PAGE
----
Una Pizza Napoletana’s desserts: Ice cream — or ices — have long been central to the pizza parlor, and Una’s are among the city’s finest. Fabian Von Hauske Valtierra eschews eggs, resulting in nimble frozen desserts that express their component flavors with supreme clarity — with heavy doses of salt to further electrify the palate. 175 Orchard St., near Stanton St., Lower East Side

Una Pizza Napoletana’s ice cream
Una Pizza Napoletana’s ice cream
Jessie Jacobson/Eater

One more thing: I had strong words about Una’s pizzas in my one-star review. After hearing positive reports from my colleagues, I returned to in December. Shortly after I took a seat at the bar, pizzaiolo and co-owner Anthony Mangieri recognized me and told me I had to leave. “You’re not welcome here,” he said. Valtierra, one of the other co-owners, sent a lengthy apology via email, in which he stated that he would’ve aimed for a “different outcome” had he been at Una that night. He also wrote I would still be welcome at Contra and Wildair, the other venues he runs with chef Jeremiah Stone.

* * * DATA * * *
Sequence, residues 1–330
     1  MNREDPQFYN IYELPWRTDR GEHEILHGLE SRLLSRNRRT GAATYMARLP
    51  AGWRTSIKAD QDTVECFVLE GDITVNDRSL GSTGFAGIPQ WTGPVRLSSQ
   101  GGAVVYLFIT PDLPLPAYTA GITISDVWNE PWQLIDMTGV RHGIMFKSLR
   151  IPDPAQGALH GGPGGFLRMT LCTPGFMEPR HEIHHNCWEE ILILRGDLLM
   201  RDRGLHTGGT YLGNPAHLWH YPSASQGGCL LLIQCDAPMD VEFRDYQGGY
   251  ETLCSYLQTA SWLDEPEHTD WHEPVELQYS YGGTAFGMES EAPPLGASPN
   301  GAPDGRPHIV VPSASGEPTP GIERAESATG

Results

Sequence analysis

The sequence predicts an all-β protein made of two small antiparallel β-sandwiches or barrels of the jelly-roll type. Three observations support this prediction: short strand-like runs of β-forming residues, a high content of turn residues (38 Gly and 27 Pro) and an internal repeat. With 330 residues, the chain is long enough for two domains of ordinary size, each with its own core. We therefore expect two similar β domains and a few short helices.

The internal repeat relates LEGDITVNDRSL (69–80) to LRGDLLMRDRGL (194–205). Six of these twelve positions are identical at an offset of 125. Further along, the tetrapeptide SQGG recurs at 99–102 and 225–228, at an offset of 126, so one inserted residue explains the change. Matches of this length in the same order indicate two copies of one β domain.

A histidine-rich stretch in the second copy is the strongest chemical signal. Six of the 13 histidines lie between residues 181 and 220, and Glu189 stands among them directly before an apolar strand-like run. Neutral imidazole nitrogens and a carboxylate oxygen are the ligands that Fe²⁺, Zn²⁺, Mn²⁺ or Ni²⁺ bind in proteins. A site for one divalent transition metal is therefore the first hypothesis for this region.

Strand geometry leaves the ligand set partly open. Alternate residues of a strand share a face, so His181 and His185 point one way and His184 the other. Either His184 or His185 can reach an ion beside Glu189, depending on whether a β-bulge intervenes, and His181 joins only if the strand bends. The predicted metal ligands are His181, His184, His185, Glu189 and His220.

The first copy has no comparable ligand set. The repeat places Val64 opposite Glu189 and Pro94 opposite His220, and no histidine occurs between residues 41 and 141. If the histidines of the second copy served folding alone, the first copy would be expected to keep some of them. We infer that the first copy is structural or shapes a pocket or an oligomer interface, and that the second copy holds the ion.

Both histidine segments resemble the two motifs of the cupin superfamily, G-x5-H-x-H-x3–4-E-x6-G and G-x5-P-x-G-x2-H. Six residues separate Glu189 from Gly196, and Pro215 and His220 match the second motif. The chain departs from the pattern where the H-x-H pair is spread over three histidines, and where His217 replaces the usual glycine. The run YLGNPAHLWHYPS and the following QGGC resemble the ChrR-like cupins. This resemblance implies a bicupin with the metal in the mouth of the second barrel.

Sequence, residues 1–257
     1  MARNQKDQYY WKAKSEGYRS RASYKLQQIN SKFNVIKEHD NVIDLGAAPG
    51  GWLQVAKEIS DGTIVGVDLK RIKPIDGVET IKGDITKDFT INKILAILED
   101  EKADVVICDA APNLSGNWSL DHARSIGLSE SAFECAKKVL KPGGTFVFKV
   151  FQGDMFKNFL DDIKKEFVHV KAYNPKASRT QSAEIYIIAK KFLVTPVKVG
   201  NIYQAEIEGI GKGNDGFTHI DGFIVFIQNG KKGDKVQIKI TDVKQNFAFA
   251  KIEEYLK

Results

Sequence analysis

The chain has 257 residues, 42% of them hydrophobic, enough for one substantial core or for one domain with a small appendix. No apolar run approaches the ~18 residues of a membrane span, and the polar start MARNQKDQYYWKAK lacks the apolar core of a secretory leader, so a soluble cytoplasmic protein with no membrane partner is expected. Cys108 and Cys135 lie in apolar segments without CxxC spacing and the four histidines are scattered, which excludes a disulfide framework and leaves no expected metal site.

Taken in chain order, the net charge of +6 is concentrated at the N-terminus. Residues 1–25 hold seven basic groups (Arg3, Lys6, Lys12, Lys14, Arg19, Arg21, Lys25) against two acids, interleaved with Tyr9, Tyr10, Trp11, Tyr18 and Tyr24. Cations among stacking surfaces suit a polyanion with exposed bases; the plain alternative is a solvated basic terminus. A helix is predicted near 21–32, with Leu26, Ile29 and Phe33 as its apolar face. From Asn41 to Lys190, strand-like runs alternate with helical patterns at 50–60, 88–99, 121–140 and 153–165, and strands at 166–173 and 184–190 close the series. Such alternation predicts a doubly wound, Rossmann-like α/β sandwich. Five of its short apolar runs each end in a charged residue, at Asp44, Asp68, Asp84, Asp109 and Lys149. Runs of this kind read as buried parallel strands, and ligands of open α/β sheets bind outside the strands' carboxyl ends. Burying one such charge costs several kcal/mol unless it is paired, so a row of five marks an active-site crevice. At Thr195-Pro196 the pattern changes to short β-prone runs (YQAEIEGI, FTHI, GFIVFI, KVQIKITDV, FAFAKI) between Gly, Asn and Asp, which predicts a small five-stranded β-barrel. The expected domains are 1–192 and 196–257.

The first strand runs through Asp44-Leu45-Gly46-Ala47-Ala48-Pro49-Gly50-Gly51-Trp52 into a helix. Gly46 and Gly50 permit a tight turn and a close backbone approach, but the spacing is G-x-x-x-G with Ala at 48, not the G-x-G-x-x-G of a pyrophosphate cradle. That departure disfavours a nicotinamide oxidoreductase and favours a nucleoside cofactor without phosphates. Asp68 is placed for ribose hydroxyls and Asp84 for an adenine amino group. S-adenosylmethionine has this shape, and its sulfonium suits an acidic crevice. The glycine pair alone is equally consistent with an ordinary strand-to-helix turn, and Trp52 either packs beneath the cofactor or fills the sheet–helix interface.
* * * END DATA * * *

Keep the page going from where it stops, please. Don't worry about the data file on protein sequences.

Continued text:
It’s disappointing when an owner decides to pick which members of the press to let in, and which ones to prohibit from doing their job. That job involves returning, with an open mind, to restaurants that were the subject of tough reviews, as uncomfortable as that might be for everyone. I still look forward to returning.

Pepperoni and cheese slices sit on an orange countertop at Paulie Gee’s slice shop, adjacent hot honey sauce and chile flakes
Pizza at Paulie Gee’s Slice Shop
Alex Staniloff/Eater NY